The Utah Pride Center’s annual Genderevolution Conference faces a dark and threatening storm this year. Though many stepping stones have been placed in recent years, the transgender and nonbinary communities of Utah and the United States are once again egregiously under attack.
Earlier this year, President Trump reinstated a ban on transgender Americans serving in the U.S. military, the one that former-president Obama overturned with proper haste. Additionally, while several state’s laws progressed with implementing gender-free public restrooms and more affordable and accessible gender-reassignment procedures, a seemingly firestorm of backlash over recent months has been discouraging at the least.
For instance, Ally Steinfeld, a transgender teen who was stabbed, mutilated and burned, was dating a woman allegedly involved in the gruesome crime. The Kansas City Star reported that “Briana Calderas, 24, began dating Steinfeld about a week before her death,” according to Amber Steinfeld, the slain girl’s mother.
One charged assailant, Andrew Vrba, 18, admitted that he tried to poison Steinfeld. When she didn’t drink the liquid, he stabbed her multiple times, gouging out her eyes and stabbing her genitals, according to court documents.
The KC Star reported that for the past three years, LGBT advocacy groups have tallied the killings of more than 20 transgender people in the United States. Yet state or federal hate crime laws are rarely used to prosecute the slayings. Now many LGBT-rights groups are questioning the effectiveness of the laws, saying they sometimes focus too tightly on individual acts without addressing underlying bias or wider violence. Steinfeld’s death thrust the volatile issue back into the spotlight.
Additionally, earlier this year the ACLU of Washington announced it’s representing Cheryl Enstad, the mother of a transgender son and social worker employed by PeaceHealth St. Joseph Medical Center. The Center refused to pay for Enstad’s son’s transition-related services, which the ACLU argues violates the nondiscrimination provision of the Affordable Care Act.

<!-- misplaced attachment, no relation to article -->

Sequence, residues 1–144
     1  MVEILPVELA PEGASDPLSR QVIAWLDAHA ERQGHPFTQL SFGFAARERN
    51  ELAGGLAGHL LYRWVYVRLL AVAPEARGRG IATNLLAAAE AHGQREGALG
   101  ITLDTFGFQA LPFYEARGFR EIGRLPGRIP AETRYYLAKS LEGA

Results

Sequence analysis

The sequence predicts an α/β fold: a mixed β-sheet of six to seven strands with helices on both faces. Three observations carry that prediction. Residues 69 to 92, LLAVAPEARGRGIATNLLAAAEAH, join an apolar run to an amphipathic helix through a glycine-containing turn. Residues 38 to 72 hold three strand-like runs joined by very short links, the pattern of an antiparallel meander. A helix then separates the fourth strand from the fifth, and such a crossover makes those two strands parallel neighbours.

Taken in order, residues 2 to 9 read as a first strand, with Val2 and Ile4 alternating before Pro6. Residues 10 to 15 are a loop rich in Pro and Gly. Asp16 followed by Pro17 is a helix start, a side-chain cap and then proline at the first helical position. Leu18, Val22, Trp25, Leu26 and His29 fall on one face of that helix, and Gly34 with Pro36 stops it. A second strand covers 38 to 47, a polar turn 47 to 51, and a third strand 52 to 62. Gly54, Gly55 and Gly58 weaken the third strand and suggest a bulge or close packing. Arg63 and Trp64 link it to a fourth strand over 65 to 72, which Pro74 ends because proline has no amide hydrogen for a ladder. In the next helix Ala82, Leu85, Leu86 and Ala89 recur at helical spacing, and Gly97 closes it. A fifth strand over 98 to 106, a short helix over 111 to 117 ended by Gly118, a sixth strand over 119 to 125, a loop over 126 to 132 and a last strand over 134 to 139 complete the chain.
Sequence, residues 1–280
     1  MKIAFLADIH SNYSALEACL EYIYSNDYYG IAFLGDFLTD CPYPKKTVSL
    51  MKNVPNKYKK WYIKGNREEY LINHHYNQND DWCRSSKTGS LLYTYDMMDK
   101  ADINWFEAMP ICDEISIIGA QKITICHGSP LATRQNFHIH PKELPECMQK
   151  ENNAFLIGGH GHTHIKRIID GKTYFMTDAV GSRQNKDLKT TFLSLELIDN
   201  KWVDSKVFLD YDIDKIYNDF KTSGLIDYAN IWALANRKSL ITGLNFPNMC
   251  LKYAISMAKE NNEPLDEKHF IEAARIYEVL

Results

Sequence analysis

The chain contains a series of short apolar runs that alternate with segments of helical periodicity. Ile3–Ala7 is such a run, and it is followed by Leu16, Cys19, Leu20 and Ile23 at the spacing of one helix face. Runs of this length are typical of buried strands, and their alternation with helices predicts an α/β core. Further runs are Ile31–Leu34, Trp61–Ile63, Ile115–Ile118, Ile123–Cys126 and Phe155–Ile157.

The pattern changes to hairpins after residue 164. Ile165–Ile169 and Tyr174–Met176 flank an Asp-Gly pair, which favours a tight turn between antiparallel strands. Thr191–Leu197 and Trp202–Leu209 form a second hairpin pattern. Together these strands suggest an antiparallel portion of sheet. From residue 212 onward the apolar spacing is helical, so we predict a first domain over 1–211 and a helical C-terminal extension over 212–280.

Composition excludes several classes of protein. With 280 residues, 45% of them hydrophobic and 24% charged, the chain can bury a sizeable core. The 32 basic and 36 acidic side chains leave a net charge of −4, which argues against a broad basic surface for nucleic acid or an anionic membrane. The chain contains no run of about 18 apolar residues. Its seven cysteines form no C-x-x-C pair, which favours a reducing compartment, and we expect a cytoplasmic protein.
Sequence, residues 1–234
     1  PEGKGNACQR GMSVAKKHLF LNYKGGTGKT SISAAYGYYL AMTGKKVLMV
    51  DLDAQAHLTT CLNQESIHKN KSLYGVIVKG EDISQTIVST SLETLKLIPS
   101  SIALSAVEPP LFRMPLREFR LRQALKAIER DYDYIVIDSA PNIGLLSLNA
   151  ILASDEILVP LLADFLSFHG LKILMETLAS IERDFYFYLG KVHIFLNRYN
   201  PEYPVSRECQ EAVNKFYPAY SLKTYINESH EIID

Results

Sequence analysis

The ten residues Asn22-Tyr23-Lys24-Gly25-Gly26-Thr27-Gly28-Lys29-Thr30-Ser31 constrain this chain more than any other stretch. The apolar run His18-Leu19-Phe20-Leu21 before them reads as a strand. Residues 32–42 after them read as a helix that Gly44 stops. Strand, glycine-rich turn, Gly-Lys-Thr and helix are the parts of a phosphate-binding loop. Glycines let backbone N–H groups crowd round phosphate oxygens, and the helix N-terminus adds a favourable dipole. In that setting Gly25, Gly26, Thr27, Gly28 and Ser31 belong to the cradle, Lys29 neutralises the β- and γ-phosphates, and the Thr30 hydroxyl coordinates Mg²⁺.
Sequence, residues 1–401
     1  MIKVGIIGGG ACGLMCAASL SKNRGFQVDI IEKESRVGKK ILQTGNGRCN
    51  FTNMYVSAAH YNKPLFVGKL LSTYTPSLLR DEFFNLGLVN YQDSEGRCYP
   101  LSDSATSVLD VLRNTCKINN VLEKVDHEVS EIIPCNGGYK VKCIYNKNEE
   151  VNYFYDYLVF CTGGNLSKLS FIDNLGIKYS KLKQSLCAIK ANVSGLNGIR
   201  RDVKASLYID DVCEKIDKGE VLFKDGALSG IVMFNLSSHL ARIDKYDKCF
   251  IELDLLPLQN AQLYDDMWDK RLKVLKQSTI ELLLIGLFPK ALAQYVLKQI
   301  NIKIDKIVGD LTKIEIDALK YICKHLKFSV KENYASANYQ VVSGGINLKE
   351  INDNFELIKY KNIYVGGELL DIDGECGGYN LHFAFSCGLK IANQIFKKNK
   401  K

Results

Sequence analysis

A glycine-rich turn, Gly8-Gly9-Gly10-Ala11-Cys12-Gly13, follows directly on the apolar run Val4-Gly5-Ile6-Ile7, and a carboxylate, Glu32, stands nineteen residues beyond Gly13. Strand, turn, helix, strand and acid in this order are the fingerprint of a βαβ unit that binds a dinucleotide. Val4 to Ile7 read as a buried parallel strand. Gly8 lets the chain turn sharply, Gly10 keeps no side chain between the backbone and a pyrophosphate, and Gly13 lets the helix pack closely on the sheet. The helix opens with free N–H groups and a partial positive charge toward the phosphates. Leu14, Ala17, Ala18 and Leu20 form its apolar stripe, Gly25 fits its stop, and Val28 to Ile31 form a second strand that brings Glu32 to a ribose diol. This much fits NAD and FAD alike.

More individualized, NBC News reported in October that seven students at a New Jersey high school were suspended following the assault of a 14-year-old transgender student. Kylie Perez was attacked by another student in a hallway at East Side High School in Newark. School officials said the student who beat Perez, and those who recorded it, were suspended pending disciplinary hearings.
In September, a South Glens Falls, New York bus driver asked students to sit on separate sides of the bus based on their gender, then kicked two transgender students off when they sat on the side aligned with their gender identity. It was at that point that 15-year-old Lilly Wolfe, a close friend of the transgender students, stood up and told the bus driver that he was discriminating against students based on their sexuality and gender identity, according to the Times Union. “I’m not moving the bus until I get what I want,” the driver is heard saying on a student’s recorded video.
The UPC Genderevolution Conference will be held November 11, and will present keynote speakers Logan and Laila Ireland, a married trans couple who Ellen DeGeneres recently had on her talk show.
QSaltLake asked Laila what the term genderevolution means to her and her husband, and their focus for the conference:
Genderevolution to us means being proud, standing up and speaking out to advocate and celebrate living authentically and freely. This year’s theme, “Rise Up,” embodies just that. Through our advocacy work surrounding the military and its policies and the government’s current state on issues regarding the LGBTQ+ community, we have become more motivated than ever to really encourage people around us to be just as motivated and driven to rise up and speak out for equality. This type of attitude and mindset transcends the mission for equality, it impacts our lives everyday in everything we do, the people we meet, and the places we go. This is why, being able to share our experiences and our stories are vitally important to the survival and success of our future. Because through our advocacy work, we have learned as individuals and as a couple, it is – if we have any power as a people, it is the power of being able to tell our own stories. We have learned that working hard and working together is the absolute key to success in this movement going forward. We have learned as individuals and as a couple that if we have any power as a people, it is the power of being able to tell our own stories. We have learned that working hard and working together is the absolute key to success in this movement going forward.